a plurality of sidewall spacers formed on the lateral surfaces of the gate; and
a source and a drain formed in the substrate wherein a portion of the source and a portion of the drain each extend laterally beneath the gate and wherein the source and the drain each include a facet in the {111} crystallographic plane of the {001} silicon substrate.
2. The transistor of claim 1, the source and the drain each further comprising a facet in the {010} crystallographic plane of the {001} silicon substrate adjacent to the insulator.
3. The transistor of claim 2, each facet in the {010} crystallographic plane in the source and in the drain having a length of approximately 3 nanometers
4. The transistor of claim 2, the source and the drain each extending laterally beneath the gate by approximately 20 nanometers.
5. The transistor of claim 2, the source and the drain further comprising silicon germanium, wherein a surface of the source and a surface of the drain are each substantially flush with a surface of the {001} silicon substrate.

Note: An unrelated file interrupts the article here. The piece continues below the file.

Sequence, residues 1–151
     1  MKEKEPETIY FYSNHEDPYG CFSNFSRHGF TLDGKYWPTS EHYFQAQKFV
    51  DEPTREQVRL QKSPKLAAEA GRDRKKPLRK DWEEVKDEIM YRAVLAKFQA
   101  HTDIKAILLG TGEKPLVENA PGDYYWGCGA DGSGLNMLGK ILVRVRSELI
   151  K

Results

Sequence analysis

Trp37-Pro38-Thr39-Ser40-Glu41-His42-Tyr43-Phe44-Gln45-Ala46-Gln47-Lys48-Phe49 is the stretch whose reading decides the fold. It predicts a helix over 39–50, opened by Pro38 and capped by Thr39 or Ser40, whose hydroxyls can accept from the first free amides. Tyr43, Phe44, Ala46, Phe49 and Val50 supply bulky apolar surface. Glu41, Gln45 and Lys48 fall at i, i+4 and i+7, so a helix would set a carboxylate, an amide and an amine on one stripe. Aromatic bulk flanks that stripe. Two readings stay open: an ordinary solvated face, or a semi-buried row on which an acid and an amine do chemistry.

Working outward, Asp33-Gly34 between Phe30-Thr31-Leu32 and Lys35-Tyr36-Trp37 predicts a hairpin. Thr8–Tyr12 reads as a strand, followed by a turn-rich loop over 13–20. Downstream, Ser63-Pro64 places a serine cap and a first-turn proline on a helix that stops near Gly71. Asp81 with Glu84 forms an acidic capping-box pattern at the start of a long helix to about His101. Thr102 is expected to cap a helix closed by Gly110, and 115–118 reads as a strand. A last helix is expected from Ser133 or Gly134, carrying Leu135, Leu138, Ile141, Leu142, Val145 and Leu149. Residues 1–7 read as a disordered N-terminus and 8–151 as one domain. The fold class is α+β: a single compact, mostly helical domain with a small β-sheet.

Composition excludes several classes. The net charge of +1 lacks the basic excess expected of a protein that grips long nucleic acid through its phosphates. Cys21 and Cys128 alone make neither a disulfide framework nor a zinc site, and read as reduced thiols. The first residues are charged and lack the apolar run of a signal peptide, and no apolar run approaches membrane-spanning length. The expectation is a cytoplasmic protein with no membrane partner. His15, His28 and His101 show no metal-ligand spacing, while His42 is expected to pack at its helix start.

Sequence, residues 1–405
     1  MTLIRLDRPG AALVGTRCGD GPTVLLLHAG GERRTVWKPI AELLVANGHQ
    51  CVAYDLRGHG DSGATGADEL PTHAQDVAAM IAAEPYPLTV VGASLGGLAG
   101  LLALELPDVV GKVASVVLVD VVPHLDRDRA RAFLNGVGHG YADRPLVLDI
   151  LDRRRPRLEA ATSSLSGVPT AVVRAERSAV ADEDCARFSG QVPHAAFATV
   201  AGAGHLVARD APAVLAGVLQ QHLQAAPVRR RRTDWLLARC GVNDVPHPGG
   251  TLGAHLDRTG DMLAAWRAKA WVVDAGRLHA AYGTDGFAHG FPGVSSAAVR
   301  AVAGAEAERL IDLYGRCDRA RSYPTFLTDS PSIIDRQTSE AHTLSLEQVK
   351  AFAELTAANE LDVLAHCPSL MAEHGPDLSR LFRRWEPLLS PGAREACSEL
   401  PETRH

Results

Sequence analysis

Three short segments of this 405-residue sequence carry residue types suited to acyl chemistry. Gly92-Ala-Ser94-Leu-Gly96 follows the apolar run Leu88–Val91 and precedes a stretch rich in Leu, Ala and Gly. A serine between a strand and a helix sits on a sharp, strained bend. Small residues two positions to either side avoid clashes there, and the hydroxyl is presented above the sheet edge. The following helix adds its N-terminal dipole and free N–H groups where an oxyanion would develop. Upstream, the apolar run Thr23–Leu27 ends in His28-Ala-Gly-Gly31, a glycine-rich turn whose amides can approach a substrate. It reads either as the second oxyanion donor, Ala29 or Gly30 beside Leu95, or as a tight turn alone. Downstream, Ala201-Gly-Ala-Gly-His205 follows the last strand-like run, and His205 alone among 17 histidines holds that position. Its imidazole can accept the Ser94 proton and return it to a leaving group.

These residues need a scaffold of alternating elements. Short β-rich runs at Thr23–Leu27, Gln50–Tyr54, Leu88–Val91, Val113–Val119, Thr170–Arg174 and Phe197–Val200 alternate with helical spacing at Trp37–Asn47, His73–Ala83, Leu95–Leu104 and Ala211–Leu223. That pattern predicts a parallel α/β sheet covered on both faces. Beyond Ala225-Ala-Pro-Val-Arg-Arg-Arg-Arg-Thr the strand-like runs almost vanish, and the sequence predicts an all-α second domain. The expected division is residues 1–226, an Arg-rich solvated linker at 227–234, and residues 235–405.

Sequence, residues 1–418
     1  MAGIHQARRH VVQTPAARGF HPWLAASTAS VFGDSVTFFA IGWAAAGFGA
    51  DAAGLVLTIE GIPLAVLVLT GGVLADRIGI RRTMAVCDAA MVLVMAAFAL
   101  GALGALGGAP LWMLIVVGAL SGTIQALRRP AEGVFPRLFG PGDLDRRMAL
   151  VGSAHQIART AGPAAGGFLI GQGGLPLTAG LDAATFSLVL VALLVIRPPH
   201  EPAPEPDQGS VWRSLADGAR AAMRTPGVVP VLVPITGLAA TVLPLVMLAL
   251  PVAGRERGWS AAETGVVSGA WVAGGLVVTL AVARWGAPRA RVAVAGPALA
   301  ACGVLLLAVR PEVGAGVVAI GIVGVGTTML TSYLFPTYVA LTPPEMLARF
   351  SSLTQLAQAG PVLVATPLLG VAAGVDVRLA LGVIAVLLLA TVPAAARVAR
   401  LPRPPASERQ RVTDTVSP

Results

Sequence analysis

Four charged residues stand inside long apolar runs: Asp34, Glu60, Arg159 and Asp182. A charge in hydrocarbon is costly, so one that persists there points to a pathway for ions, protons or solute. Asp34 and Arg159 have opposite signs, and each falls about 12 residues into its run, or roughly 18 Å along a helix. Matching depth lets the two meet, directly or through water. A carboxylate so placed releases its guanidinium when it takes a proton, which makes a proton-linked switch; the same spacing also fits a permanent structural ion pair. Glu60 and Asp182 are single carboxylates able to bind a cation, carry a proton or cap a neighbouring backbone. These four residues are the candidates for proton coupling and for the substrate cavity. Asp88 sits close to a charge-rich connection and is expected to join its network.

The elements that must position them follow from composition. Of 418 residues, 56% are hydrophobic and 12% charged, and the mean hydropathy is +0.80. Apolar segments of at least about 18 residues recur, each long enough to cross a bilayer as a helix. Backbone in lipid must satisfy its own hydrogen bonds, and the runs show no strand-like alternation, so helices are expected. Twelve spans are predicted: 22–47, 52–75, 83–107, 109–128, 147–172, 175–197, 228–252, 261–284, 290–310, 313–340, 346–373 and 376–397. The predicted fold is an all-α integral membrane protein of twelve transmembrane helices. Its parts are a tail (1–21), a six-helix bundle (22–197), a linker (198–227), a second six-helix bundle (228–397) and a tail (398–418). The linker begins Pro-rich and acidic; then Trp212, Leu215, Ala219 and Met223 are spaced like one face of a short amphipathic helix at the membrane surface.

Description

This is a Divisional application of Ser. No. 11/173,660 filed Jun. 30, 2005, which is presently pending.

FIELD

Embodiments of the invention relate to semiconductor transistors, and more specifically to increasing transistor performance by utilizing an improved tip profile and methods of manufacture thereof.

BACKGROUND

Silicon complementary metal oxide semiconductor (“CMOS”) technology is a dominant microelectronic technology. CMOS offers high reliability, high levels of integration, low power dissipation, and is very cost-effective. For lower frequency applications CMOS will most likely remain the dominant technology. However, electron and hole mobility and other physical limitations in silicon may impede the extent to which CMOS devices can be utilized for higher speed applications that require high transistor switching rates